Al Khobar to Hafr al Batin

It was 12:30 when I eventually pulled away from the BMW garage. I didn’t get far though; a yellow warning triangle appeared on the dashboard. I did a U-turn, only to find the salesman holding my key up in the air. That’s the only drawback of keyless rides; forget the key and you don’t get far.

Once on the road I found it rather cool around the nether regions. I’d made use of the bathroom in the showroom and had picked up the hose pipe somewhat carelessly, pressing the button at just the wrong time and drenching my chest, stomach and, tragically my trousers. Fortunately, the gortex suit hid the evidence so I didn’t look like I had had the wrong sort of accident.

It would be fair to say that I encountered more policemen than bends on the road to Hafr al Batin. In 316 miles I was stopped four times by police, once to examine my documents, three times to get a better look the bike. The road surface was remarkably good, but oh so straight and through the flattest of landscapes. After a few hours I found myself appreciating the occasional change in wind direction, an occasional camel or a rare sand dune. There is vegetation and water about though; there are Bedouin camps dotted about. Their lifestyle must have got easier with the presence of this highway, but the environment seems harsh.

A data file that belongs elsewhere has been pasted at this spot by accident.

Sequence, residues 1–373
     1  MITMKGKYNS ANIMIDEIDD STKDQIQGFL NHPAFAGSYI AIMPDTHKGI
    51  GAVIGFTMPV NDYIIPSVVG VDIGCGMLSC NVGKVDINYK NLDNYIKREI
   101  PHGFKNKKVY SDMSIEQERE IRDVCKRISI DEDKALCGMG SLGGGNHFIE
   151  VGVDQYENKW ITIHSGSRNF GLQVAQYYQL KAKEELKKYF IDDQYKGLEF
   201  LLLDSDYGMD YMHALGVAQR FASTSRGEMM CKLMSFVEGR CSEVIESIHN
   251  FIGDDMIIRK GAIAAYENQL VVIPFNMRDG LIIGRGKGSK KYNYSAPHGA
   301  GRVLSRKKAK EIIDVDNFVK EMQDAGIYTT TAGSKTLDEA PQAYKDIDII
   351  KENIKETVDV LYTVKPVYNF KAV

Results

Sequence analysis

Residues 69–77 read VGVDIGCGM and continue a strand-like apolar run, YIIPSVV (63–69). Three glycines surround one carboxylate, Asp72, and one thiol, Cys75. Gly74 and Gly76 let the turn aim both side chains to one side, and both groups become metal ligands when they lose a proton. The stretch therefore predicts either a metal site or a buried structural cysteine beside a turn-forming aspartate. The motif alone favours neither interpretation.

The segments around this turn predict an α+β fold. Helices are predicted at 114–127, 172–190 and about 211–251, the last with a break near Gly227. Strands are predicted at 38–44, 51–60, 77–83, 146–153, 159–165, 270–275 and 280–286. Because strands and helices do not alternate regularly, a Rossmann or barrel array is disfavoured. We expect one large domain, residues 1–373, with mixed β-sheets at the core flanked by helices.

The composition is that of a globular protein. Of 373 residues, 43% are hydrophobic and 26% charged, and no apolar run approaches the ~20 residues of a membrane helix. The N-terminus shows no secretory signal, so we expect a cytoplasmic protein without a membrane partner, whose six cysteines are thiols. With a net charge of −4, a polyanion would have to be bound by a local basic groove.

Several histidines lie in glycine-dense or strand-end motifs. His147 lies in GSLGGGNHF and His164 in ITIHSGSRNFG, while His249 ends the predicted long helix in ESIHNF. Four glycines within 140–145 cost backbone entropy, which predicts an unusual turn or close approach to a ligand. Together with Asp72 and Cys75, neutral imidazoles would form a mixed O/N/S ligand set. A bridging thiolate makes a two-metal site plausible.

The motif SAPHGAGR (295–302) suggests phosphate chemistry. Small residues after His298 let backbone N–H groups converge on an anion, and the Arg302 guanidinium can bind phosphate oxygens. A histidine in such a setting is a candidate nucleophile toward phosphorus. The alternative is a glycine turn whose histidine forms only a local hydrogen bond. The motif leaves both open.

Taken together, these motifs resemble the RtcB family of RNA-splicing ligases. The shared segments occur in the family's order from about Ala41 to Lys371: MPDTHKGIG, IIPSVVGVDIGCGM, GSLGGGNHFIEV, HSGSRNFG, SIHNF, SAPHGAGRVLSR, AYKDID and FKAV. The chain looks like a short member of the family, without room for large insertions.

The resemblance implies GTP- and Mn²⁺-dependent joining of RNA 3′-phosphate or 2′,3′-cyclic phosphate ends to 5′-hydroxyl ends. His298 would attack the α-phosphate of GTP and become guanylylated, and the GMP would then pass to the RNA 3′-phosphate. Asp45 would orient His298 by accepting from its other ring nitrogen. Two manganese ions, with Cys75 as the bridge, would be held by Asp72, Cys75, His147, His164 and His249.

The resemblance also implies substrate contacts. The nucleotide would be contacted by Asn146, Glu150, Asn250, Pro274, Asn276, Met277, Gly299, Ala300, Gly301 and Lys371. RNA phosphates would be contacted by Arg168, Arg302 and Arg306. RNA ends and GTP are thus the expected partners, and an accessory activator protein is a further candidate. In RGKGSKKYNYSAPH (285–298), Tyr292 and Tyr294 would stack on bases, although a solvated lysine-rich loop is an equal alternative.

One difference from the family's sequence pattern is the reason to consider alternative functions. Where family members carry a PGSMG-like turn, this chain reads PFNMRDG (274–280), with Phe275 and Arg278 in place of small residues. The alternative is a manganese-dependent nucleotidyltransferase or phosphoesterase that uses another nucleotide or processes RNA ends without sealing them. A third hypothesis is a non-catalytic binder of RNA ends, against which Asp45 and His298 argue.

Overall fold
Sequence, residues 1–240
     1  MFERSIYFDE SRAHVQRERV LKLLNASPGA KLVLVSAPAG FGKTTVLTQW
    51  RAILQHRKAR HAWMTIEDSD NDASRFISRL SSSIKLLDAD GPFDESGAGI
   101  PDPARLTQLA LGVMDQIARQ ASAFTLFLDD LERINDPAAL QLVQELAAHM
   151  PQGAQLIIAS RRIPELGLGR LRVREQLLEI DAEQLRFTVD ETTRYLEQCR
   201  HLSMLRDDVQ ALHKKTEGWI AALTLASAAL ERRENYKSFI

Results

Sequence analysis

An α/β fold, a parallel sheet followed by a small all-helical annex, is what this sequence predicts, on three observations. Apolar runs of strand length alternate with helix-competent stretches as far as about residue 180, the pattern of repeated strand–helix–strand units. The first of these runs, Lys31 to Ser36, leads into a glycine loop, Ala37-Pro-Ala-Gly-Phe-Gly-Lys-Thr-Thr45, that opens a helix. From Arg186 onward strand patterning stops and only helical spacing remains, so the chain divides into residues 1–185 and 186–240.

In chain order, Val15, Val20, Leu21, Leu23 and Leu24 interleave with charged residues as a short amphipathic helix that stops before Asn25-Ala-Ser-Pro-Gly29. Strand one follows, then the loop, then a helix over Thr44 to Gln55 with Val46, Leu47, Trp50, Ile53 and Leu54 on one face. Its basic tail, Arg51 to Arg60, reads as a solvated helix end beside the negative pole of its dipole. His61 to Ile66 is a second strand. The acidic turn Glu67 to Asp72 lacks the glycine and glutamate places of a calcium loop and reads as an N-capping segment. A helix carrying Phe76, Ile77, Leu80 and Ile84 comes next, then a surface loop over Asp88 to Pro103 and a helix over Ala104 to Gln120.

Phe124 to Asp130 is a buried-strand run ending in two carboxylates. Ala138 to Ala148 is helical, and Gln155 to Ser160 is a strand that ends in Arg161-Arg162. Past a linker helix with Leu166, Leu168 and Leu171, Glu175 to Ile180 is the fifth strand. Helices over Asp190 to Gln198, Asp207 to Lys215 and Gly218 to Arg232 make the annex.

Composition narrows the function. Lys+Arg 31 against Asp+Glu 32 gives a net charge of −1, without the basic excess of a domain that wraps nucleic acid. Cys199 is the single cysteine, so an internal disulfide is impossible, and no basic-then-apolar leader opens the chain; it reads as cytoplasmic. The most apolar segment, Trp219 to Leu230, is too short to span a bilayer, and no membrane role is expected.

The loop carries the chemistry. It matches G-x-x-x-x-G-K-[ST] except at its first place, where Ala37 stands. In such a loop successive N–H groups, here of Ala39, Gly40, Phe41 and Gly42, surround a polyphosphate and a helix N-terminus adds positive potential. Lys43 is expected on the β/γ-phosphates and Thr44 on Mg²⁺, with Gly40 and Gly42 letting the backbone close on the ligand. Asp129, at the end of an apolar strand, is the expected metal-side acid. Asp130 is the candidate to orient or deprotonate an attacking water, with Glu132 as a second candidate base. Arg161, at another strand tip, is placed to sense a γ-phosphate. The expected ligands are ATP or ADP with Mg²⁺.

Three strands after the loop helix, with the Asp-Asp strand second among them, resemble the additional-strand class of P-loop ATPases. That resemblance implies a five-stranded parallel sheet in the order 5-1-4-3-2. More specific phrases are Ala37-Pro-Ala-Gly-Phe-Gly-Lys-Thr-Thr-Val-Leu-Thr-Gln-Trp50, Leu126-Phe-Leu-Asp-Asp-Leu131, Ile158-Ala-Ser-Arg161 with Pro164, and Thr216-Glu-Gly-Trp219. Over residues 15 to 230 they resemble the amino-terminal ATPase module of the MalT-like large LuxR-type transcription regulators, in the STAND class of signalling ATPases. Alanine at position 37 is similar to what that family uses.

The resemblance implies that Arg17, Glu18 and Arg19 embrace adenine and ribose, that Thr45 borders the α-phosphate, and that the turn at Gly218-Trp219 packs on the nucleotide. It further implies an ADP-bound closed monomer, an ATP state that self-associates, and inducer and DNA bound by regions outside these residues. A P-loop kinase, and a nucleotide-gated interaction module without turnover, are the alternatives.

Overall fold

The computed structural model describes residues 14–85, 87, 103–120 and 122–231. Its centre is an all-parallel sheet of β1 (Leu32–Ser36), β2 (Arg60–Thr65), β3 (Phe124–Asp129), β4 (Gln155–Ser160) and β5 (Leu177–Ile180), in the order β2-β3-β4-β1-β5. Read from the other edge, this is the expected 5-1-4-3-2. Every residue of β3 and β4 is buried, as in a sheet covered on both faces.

I stopped for tea at a great little Indian cafe at a filling station. The owner, Dr Ahmad Bin Abdullah El-Hamamy, in the photo below, studied at Salford University forty years ago. Small world. The policeman in one of the other photos spent ages inspecting my bike. I thought he was trying to find something wrong with it, but eventually realised that he was just interested.

It was surprisingly cold this afternoon. Eventually I gave up and dug out my heated jacket and then spent the next fifteen minutes making sounds of contentment as I started to thaw out. Only a month ago, staying cool was the challenge.

Sent from my iPad


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